The D.C. fire department medics called to the scene Wednesday evening spread out and went to work — and within minutes five more people in the same area fell out from a overdoses of suspected synthetic marijuana.
The synthetic drug “is some of the nastiest stuff I’ve seen,” D.C. EMS Captain Richard Hall said after ambulances began moving victims to hospitals.
City officials are awaiting results of testing on seized drugs and medical testing on victims to say with certainty what is causing the suspected overdoses.
But in recent days, officials said they have seen symptoms of iterations of synthetic marijuana including K2, or spice.
The Department of Forensic Science also confirmed that FUB-144, a synthetic marijuana new to the District, was confiscated this week in the city, said Kevin Donahue, deputy mayor for public safety.
And those items appeared even as federal officials on Thursday issued a warning about synthetic marijuana that has surfaced in 10 states and is laced with an anticoagulant used in rat poison.
The D.C. fire department’s running tally on overdoses it suspects are K2 show that since Saturday they have looked at 172 people and taken 122 of them to hospitals. Four deaths also are being investigated by the medical examiner’s office to determine whether they are linked to whatever is causing the current suspected overdoses.
That surge would surpass the 105 K2 overdoses for all of July 2017, fire department statistics show.
“The symptoms we see are consistent with K2. You’ve got the unconscious, you have people collapsing, you have people vomiting. You have people being aggressive. Those are the symptoms we’re seeing,” Fire Chief Gregory Dean said.
The incidents have prompted coordinated efforts from city agencies including behavioral health, health department and human services to contact communities, including the homeless population.
Many of the medical emergencies have appeared in pockets of the city typically frequented by homeless people, such as Union Station, the 1300 block of New York Avenue NE and near the homeless shelter at 2nd and D streets NW, D.C. Police Lt. Andrew Struhar said.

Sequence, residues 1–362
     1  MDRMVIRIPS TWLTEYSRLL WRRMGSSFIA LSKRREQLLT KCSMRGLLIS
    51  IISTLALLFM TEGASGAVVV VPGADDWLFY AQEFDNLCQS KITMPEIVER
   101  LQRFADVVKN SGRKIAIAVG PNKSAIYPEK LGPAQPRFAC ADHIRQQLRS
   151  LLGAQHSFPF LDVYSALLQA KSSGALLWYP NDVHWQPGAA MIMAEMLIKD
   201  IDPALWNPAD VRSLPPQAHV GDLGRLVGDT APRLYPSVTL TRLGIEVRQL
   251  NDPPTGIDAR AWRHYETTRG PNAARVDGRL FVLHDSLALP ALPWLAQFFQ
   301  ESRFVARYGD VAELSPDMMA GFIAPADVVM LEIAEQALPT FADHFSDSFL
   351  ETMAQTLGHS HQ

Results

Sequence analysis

K2 and similar synthetic drugs are range in price from mildly inexpensive to cheap, with individual cigarettes being sold on the street for between $2 and $5, Struhar said.
Narcotics and Special Investigation Division detectives arrested three people Wednesday on allegations of distributing controlled substances in the 800 block of 1st Street NE, Struhar said. Police are trying to determine whether these substances are linked to the reported overdose incidents.
The Food and Drug Administration said that synthetic marijuana typically can cause rapid heart rate, vomiting and an increase in blood pressure. But now the risk of the products is ratcheted up, they said, because some producers have been adding brodifacoum — a long-acting anticoagulant thought to extend the drug-induced “high.”
In recent months, hundreds of individuals in about 10 states — many in the Midwest — have been hospitalized and several people have died because of complications, the agency said.
The FDA warning Thursday was signed by several top officials, including Commissioner Scott Gottlieb. “Today, we’re joining together to send a strong warning to anyone who may use synthetic marijuana products that these products can be especially dangerous as a result of the seemingly deliberate use of brodifacoum in these illegal products,” the officials said.
The agency said that individuals who have used synthetic marijuana should be on the lookout for symptoms of bleeding, including easy bruising, oozing gums and nosebleeds. If they have them, they should seek medical attention immediately because the effects of brodifacoum are treatable with high doses of vitamin K and other care.
City officials believe that the summer heat and dehydration may be playing a role in the overdoses they are seeing, and part of a warning flier noted that not drinking enough water in warm weather can make an overdose from K2 more likely. Police officers and social services workers have been passing out water in areas affected by widespread incidents.
The fire department also has deployed EMS supervisors in hotspot areas such as Judiciary Square to help quickly triage cases as emergency calls continue to spike, city officials said.
“We’ve been through this before where we’ve seen upticks in overdose incidents. All the city agencies come together to work to address the problem, and we’re doing it again in this instance,” Struhar said.